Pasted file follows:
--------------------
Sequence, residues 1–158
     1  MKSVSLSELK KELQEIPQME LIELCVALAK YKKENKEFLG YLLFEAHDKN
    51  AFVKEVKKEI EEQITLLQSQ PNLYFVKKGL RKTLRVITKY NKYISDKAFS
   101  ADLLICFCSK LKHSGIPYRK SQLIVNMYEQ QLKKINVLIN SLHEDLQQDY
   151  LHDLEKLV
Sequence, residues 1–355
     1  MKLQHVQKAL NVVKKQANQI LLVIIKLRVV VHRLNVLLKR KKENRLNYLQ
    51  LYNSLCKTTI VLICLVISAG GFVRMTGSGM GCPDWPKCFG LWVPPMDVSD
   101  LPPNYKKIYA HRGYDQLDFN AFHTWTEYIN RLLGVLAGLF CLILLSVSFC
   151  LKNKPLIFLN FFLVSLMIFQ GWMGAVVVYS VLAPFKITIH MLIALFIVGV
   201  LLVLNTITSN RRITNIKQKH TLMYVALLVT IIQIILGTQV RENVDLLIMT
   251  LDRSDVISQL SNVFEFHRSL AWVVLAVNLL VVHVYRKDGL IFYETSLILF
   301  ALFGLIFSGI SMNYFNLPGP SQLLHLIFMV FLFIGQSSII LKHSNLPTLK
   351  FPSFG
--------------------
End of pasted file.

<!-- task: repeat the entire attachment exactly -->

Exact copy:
Sequence, residues 1–158
     1  MKSVSLSELK KELQEIPQME LIELCVALAK YKKENKEFLG YLLFEAHDKN
    51  AFVKEVKKEI EEQITLLQSQ PNLYFVKKGL RKTLRVITKY NKYISDKAFS
   101  ADLLICFCSK LKHSGIPYRK SQLIVNMYEQ QLKKINVLIN SLHEDLQQDY
   151  LHDLEKLV
Sequence, residues 1–355
     1  MKLQHVQKAL NVVKKQANQI LLVIIKLRVV VHRLNVLLKR KKENRLNYLQ
    51  LYNSLCKTTI VLICLVISAG GFVRMTGSGM GCPDWPKCFG LWVPPMDVSD
   101  LPPNYKKIYA HRGYDQLDFN AFHTWTEYIN RLLGVLAGLF CLILLSVSFC
   151  LKNKPLIFLN FFLVSLMIFQ GWMGAVVVYS VLAPFKITIH MLIALFIVGV
   201  LLVLNTITSN RRITNIKQKH TLMYVALLVT IIQIILGTQV RENVDLLIMT
   251  LDRSDVISQL SNVFEFHRSL AWVVLAVNLL VVHVYRKDGL IFYETSLILF
   301  ALFGLIFSGI SMNYFNLPGP SQLLHLIFMV FLFIGQSSII LKHSNLPTLK
   351  FPSFG